Maria only pushed the island further into debt, causing losses estimated at or beyond $100 billion.
Within a week or two after Maria, Puerto Rican evacuees began to arrive in New York City. By October 2017, hundreds of evacuees were arriving nearly every day, Peter B. Gudaitis, executive director of New York Disaster Interfaith Services, told City & State. And it became clear that helping those evacuees obtain housing, food security, employment and medical care were all of the utmost importance.
The evacuees were directed to the Julia de Burgos cultural center in East Harlem, where disaster relief organizations and government agencies offered to help them, from October 2017 to January 2018. Puerto Rican evacuees also found themselves in other parts of the state, like Buffalo and Rochester, but most funneled into the state through the city.
Former New York City Speaker Melissa Mark-Viverito – who is currently running for Congress in the 15th District in the Bronx – was still in office when evacuees started to filter into the city, and told City & State that she advocated strongly for the city to establish an intake system for the displaced Puerto Ricans. She also played a hand in establishing the Julia de Burgos center as a “centralized place where all the different city agencies were represented,” and could connect evacuees to an array of services. “Unfortunately, (the centralized location of disaster relocation services) wasn’t kept up,” Mark-Viverito said. “Once I left office, where my voice was a very strong one, a lot of things that had been established started to fall through the cracks.”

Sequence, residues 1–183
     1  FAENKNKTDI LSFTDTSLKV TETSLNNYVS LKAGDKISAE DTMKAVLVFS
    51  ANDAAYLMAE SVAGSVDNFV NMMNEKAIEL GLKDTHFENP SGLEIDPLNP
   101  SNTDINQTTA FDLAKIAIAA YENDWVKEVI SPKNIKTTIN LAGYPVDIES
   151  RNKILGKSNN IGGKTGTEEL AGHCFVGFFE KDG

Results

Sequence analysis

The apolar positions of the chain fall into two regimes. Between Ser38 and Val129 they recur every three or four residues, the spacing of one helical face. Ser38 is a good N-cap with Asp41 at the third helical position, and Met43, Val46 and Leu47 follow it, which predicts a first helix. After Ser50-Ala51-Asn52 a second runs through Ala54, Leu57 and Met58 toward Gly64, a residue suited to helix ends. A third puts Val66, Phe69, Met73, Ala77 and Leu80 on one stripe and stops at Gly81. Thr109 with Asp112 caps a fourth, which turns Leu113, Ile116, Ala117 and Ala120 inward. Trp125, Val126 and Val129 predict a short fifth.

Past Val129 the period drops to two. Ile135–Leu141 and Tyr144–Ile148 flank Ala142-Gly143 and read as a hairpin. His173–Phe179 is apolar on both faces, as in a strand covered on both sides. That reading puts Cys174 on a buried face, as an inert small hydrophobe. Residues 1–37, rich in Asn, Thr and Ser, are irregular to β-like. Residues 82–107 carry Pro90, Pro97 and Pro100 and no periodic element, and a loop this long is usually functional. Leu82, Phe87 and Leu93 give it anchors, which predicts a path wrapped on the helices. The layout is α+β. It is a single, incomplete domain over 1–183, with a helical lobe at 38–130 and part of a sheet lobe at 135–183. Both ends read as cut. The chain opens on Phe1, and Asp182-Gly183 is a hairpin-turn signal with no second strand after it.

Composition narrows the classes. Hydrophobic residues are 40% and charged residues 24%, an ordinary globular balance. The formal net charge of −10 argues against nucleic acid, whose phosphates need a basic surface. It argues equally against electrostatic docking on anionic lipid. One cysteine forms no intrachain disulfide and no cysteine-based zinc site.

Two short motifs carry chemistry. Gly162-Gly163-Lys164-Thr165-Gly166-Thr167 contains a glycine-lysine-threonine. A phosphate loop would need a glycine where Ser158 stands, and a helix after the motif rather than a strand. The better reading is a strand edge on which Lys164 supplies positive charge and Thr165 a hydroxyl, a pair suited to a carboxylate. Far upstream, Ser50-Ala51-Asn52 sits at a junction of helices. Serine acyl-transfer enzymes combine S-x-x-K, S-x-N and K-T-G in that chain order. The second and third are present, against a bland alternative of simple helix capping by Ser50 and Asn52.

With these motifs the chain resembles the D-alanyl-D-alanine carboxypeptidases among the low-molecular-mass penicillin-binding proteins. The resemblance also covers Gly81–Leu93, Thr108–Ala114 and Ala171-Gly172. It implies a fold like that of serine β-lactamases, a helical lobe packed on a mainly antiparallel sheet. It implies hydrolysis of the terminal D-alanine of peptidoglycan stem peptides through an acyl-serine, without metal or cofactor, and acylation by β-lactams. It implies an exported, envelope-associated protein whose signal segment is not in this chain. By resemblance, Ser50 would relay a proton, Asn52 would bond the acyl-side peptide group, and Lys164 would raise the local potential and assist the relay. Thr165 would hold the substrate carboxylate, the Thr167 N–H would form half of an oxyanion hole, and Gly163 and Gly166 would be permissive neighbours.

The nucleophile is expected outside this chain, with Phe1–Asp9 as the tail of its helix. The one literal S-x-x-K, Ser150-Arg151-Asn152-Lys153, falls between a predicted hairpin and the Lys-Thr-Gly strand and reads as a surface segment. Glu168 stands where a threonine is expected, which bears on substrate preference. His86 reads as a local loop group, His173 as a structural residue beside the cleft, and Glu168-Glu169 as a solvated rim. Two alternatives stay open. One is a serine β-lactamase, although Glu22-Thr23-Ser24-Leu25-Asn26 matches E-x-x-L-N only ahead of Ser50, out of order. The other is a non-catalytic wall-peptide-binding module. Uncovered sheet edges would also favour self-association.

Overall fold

Many of the Puerto Ricans who made their way to the mainland had already been struggling financially when they left the island, Venator-Santiago said. “The people who suffered the most damage (during Maria) were the people who lived in the most precarious housing or neighborhood situations,” Venator-Santiago explained. “Their socioeconomic status made them vulnerable to begin with. And prior to the storm, we (academics familiar with Puerto Rico’s socioeconomic landscape) knew that they were going to have hardships – and that was the case.”
Venator-Santiago added that oftentimes Puerto Ricans who relocate to the mainland end up having many of the same struggles and needs as Puerto Ricans who have been here for 20 years. “A lot of Puerto Ricans that come from the island end up living in poverty or living in conditions that are close to poverty with other structural limitations that impose (poverty),” Venator-Santiago said. “A lack of transportation, a lack of access to food and so on.”
“Once I left office, where my voice was a very strong one, a lot of things that had been established started to fall through the cracks.” – former New York City Council Speaker Melissa Mark-Viverito